Why is an entanglement necessary

BGH: Elimination of the entanglement of a seized claim in insolvency proceedings

InsO § 89; ZPO § 850k
BGH, judgment of November 19, 2020– IX ZB 14/20 (LG Hannover)

Author's guiding principle
The entanglement of a seized claim can be eliminated during insolvency proceedings by the fact that the insolvency court, as the enforcement court, suspends the execution of the seizure and transfer order until the insolvency proceedings are canceled, without canceling the seizure as a whole (delimitation of BGH, decision of 2.12.2015 - VII ZB 42/14, WM 2016, 133).

II. Facts
When bankruptcy was opened, the bankruptcy debtor's P account was already burdened with a garnishment that had been served outside of the period relevant to contestation of Sections 130, 131 InsO. The insolvency administrator applied for the attachment and transfer order to be canceled, whereupon the insolvency court canceled the attachment and transfer order and declared the attachment based on it to be inadmissible. The attachment creditor filed an immediate appeal against the annulment of the attachment. The appellate court changed the decision of the bankruptcy court so that the attachment and transfer decision is not revoked, but only its execution including the entanglement is suspended until the bankruptcy proceedings are repealed. The insolvency administrator has lodged a legal complaint against this decision of the appellate court and further requested the annulment of the attachment and transfer decision.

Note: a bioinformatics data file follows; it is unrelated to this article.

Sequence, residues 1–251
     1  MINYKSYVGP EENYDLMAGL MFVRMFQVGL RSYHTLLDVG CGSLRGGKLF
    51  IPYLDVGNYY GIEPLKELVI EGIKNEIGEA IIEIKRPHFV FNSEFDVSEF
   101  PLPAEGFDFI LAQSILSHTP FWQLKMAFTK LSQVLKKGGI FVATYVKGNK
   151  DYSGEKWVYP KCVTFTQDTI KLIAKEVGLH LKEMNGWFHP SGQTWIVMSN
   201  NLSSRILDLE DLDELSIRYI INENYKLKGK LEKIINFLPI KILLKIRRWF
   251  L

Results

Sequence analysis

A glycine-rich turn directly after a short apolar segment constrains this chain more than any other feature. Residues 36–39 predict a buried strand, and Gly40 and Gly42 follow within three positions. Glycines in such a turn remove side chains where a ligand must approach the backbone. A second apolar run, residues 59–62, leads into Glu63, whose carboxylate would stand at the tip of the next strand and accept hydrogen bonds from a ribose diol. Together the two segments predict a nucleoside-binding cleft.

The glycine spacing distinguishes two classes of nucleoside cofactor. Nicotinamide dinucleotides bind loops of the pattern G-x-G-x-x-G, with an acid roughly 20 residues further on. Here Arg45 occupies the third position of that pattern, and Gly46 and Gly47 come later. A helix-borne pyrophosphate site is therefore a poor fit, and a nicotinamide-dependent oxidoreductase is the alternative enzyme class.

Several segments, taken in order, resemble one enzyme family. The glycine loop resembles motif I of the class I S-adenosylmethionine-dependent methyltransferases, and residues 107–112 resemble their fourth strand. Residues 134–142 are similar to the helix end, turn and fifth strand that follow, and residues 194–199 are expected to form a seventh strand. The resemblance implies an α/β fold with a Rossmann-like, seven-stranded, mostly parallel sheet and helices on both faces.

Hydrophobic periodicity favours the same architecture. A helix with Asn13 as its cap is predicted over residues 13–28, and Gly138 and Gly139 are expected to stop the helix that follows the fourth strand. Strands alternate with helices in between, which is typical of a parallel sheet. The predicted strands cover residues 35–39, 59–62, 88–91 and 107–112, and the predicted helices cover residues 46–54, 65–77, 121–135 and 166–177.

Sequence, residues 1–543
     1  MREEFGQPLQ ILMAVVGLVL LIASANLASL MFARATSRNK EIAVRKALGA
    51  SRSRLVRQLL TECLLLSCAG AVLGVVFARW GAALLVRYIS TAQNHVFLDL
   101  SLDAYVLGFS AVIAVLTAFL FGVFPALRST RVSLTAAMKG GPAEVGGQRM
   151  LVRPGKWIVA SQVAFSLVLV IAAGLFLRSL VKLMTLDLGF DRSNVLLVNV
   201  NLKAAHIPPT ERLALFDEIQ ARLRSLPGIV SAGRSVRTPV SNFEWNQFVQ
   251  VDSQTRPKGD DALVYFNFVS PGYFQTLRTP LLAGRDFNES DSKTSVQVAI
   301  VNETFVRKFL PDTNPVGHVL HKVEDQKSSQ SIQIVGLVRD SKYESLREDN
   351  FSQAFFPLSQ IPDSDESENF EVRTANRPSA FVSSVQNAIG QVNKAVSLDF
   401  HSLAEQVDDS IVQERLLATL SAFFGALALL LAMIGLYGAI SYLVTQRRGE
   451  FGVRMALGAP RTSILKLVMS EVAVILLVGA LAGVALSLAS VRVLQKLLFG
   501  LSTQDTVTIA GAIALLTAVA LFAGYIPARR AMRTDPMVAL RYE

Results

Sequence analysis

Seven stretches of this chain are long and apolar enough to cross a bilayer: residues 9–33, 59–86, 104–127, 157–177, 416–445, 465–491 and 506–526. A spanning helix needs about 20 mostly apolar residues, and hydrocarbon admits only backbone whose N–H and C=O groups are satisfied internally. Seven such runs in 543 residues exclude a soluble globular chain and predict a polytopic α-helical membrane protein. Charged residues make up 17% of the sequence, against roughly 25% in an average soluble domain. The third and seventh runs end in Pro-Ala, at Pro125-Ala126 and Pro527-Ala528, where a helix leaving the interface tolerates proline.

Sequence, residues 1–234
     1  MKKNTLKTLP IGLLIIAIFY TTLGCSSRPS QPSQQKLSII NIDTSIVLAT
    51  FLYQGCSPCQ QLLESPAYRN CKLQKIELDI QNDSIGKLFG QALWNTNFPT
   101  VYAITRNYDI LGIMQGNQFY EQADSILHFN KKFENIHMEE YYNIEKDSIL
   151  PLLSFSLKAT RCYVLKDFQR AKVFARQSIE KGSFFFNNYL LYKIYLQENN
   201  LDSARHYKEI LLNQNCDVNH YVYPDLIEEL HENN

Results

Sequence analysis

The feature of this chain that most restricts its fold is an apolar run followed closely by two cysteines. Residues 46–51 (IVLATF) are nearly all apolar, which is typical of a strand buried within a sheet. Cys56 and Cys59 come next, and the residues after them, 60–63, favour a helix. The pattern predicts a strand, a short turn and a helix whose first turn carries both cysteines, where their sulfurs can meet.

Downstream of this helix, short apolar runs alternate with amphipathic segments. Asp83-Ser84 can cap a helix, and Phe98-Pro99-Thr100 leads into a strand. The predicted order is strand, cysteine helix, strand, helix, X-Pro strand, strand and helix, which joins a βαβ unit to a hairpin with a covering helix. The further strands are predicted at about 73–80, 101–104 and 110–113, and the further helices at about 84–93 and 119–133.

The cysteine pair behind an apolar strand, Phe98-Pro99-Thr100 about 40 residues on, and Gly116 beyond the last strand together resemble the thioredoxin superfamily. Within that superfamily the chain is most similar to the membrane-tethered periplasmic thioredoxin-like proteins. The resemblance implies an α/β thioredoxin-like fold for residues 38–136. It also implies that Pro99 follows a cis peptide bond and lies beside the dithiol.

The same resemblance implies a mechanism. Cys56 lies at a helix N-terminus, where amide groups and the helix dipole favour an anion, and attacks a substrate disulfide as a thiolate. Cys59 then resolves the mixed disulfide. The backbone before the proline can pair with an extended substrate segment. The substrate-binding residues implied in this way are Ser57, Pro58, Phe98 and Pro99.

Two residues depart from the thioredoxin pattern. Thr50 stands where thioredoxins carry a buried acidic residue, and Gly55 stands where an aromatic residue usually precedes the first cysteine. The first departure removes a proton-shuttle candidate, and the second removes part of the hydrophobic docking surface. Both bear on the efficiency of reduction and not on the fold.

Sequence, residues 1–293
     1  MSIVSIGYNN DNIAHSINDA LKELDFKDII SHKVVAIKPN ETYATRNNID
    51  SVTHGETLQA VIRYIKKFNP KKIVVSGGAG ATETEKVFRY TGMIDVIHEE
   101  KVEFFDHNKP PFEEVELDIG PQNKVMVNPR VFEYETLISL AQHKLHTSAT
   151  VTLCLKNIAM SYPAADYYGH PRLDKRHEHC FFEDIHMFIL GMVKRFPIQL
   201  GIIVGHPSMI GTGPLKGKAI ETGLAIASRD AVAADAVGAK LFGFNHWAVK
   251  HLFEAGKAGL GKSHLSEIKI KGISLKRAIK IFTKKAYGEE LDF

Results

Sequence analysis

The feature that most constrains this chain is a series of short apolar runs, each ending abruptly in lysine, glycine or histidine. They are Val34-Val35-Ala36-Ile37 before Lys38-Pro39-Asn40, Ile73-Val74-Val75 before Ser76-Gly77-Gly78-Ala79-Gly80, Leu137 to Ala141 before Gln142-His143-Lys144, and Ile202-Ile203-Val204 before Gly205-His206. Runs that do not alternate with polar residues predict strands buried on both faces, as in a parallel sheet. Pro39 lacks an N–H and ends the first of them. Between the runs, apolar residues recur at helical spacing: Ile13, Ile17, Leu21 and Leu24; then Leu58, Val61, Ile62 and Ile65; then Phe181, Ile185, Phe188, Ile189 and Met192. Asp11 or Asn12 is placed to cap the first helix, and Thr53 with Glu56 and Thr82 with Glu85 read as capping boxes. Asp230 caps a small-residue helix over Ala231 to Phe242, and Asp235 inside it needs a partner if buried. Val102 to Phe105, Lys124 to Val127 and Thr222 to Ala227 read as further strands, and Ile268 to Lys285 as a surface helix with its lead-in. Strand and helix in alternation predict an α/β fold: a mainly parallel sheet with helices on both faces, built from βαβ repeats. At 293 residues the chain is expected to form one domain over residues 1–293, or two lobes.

III. Legal evaluation
The appellate court had considered it sufficient to eliminate the entanglement of the account balance by suspending the execution of the attachment and transfer decision without lifting the attachment as a whole. Incoming payments since the opening of insolvency proceedings are protected against enforcement by Section 89 I InsO. Complete repeal of the seizure would deprive the creditor of his rank advantage after the proceedings were repealed and would not be necessary. The jurisprudence of the Seventh Civil Senate (BGH decision of 2 December 2015 - VII ZB 42/14) does not contradict this view. It is true that the BGH decided in it that the options for annulment or suspension of foreclosure were finally regulated in the ZPO. However, the decision there only concerned the enforcement creditor's lack of disposition and is therefore not relevant in the present case.

The BGH agreed with this view. He cites two judgments of the Ninth Civil Senate from 2011 and 2017 (BGH IX ZR 40/17 and BGH IX ZB 217/08), according to which the public-law entanglement generally lasts until it is formally repealed, but will be eliminated during the insolvency proceedings by the competent enforcement body suspending the execution of the seizure until the bankruptcy proceedings are lifted, without the need to lift the garnishment. This should ensure that the legal position of the attachment creditor protected by Article 14 I GG is protected as comprehensively as possible by preserving priority.